MAKINAMEDINA: Reconfiguring the Relationship Between Geography and Event in the City of Fez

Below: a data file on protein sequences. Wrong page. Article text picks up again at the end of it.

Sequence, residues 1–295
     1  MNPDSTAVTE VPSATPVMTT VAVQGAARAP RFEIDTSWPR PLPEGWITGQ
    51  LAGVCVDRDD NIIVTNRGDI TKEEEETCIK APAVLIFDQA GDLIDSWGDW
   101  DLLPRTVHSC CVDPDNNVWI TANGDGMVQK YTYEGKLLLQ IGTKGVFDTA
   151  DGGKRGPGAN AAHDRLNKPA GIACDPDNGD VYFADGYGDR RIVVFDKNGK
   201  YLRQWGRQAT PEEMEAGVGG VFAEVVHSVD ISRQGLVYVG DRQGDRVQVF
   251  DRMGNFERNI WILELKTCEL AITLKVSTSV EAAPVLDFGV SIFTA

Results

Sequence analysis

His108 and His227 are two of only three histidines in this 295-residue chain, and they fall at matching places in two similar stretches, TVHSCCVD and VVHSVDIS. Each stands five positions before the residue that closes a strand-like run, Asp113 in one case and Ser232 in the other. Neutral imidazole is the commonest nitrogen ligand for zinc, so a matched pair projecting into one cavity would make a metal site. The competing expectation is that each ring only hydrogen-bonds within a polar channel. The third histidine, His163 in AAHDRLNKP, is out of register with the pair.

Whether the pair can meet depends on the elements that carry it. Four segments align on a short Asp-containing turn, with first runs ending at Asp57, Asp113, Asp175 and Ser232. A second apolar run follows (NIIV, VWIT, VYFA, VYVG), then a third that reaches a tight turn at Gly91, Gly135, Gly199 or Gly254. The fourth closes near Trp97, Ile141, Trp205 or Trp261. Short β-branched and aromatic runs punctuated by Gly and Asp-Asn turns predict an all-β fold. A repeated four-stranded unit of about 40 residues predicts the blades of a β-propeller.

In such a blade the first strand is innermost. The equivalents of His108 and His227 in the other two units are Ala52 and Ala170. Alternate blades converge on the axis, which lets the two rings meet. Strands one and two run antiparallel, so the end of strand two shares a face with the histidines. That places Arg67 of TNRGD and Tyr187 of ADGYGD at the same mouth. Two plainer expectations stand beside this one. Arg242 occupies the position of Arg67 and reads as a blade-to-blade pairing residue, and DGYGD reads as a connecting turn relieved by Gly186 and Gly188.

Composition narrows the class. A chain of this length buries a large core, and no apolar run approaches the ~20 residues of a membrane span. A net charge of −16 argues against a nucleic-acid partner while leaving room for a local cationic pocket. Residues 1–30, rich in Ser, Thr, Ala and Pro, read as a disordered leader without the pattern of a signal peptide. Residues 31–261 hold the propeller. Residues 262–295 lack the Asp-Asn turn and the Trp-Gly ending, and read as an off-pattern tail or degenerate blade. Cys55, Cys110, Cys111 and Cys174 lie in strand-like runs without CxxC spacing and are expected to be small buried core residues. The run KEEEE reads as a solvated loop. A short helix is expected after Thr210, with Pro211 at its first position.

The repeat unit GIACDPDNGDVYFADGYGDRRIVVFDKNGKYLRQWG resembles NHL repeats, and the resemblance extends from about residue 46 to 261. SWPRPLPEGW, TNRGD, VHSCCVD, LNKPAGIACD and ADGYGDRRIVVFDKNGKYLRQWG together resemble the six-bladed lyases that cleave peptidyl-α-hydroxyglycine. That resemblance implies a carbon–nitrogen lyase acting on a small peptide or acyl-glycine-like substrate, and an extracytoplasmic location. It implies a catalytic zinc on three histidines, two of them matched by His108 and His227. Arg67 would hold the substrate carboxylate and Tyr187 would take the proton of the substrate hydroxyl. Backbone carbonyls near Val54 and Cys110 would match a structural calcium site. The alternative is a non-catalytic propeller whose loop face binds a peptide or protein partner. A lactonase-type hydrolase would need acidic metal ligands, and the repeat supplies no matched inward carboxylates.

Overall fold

Harvard University – Graduate School of Design – Spring 2007 – GSD 1511 Tuesdays and Thursdays 2:00-6:00 pmInstructors:Hashim Sarkis: hsarkis@gsd.harvard.edu office hours: wed. 2:00-4:00 PMAziza Chaouni :achaouni@gsd.harvard.edu office hours: wed. 4:00-6:00 PM SUMMARYHow can an urban event help ameliorate the conditions of the city? The studio addresses the question through the design of the Bab el Makina Square located in the old Medina (medieval city) of Fez, Morocco. Rediscovered by the world renowned Sacred Music Festival, which uses it as its main concert venue for one week every summer, Bab el Makina Square and its surroundings otherwise remain abandoned despite their strategic location between the three main districts of the city, Fez Jdid, Fez Bali, and la Ville Nouvelle. The aim of the studio is to use the orchestration of events that turn Bab el Makina into the main grounds of the festival as an opportunity to generate a permanent design for the area and to rethink the geography of the city around the scenography of the event. Bab el Makina is located at the northern edge of Fez Jdid, an extension of the medieval city of Fez completed in 1276. Fez Jdid (or the new Fez) was originally planned as a royal quarter, comprising the royal palace with its gardens and mechouars (large open spaces where the sultan addresses his people), housing for the court, and a Jewish quarter, the Mellah. The square of Bab el Makina is a liminal space, standing between the city walls and the royal palace. During the period when Fez was Morocco\'s capital, Bab el Makina served as a ceremonial space, where the Sultan received dignitaries and ambassadors. During the nineteenth century, it served as an extension of an arms factory located to its west. When the factory closed down during the French protectorate and was transformed into a carpet weaving workshop, the square was used as a vending area, its two gates opened to the public, becoming a major entryway to the old city from the French extension, la ville nouvelle. Finally, when the carpet workshop went bankrupt in the 1980s, Bab el Makina was reduced to a busy thoroughfare, until it was rediscovered by the Sacred Music Festival in 2000. The stunningly stark and elongated square of Bab el Makina becomes alive during the week of the Festival but unfortunately remains closed to the public for the rest of the year. The students of the studio will first lay out the space for the event and organize access and temporary urban forms around it. Each student will then design a prototype for one of the installations (e.g. exhibition and ticket booths, seating, parking entrances, landscaping). These installations will actually be built by the organizers of the festival and used this summer. The students will then take the experience of the temporary set-up to bear on their designs for a permanent layout for the Bab el Makina area by extending the same set up to other future events like a culinary festival, a book fair, and other cultural events, and more importantly to address the larger and more permanent needs of the city in terms of connectivity, accessibility, public life, and land use. Part of the permanent program will include a culinary arts center, a public parking, a park, and short term residences for participants in the events. These programs will be integrated within the ruins of the weapon factory as well as the empty sites around it. DESIGN AGENDA The main design ambitions of the studio are to:- Study the relationship between the urban event and the normative performance of a public space- Rethink open space in terms of its geographic role in the organization and perception of the city (and in th